The World According to G: What is Freedom?

We are a free people. We are free to think what we want, say what we want, and do what we want. Yet, we read and hear that some groups are not free. Big Al Sharpton says that Black Americans are not free. Joe Biden says that some people want to put others “back into chains,” which certainly doesn’t sound like freedom.

So, what is freedom? The ability to do and think what we want, whenever we want, and however we want is freedom, say some. But isn’t that anarchy? If everyone acted out their every desire, then wouldn’t we be stepping on the freedoms of others? So, do we draw some rules that limit some freedoms?

Where would we get those rules? From the Rules Guy, the Big Kahuna, or some dudes in black robes? And how restrictive or how non-restrictive are those rules? Do we need a group that says that the rules for today are good for today, but might not be good for tomorrow, as everything is relative? And who enforces those rules, or is this self-policing, sort of like calling your own fouls in pick-up basketball? What if one person claims that another is breaking a rule, but the accused feels otherwise? Then what? Do we need a group of rules experts to decide who did and who did not break a rule, sort of like referees in sports?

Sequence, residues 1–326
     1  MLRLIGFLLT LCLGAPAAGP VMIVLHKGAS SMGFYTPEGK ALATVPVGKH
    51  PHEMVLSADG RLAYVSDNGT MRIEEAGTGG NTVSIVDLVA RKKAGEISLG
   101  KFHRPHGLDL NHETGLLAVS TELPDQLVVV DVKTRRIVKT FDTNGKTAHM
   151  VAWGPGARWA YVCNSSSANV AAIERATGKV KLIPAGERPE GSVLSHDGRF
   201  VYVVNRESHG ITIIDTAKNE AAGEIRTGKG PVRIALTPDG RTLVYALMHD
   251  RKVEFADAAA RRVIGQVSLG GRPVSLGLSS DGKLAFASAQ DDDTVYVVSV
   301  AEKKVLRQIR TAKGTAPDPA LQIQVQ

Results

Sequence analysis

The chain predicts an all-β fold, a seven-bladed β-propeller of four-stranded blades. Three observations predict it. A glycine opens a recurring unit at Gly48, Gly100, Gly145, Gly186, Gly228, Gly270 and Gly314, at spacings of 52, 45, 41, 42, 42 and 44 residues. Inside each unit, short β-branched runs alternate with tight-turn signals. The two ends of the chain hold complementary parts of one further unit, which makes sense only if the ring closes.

A certain politician called the U.S. Constitution a document of negative liberties. But his viewpoint is from the role of government. The U.S. Constitution bases its description of government and rights from the viewpoint of the individual. The Founders felt that for men and women to be free, then government must be limited. The United States, really a uniting of states, joined together to form a government where the citizens self-governed by electing representatives who speak for them. The President is more of a chief executive who has equal powers with the Congress and Judicial Branch. The idea of separation of powers seeks to prevent any one branch of government from bullying the others, and from bullying the people.

The Founders, however, did not anticipate a fourth branch of government. The unelected career government bureaucrat that writes legislation, creates rules, creates taxes called penalties, and does not answer to anyone, especially the citizenry. That is not self-government, and impinges upon all of our freedoms.

Now our government wants to control the internet to protect us. The last time I used the internet, it seemed fairly well un-regulated. And currently I do not feel threatened about censorship, or being punished for offering differing opinions, well, except for Facebook. I try to talk to anyone younger than I am, and that is a lot of people, and they all seem fine with the government controlling the internet.  My response is, look how well the telephone industry was before deregulation. We had only landlines and the phones were all ugly and heavy. That is what will happen with our government controlling the internet; we will be stuck with current (soon to be old) technology dominated by a few players (the status quo). Of course Comcast and Verizon are for government regulation because that will protect their billions of dollars of investing in cables strung all over the place.

So, when the government wants to protect us by regulating something, is that good or bad for freedom? The government is supposed to protect our rights, not narrow them.

– G Dub Dub

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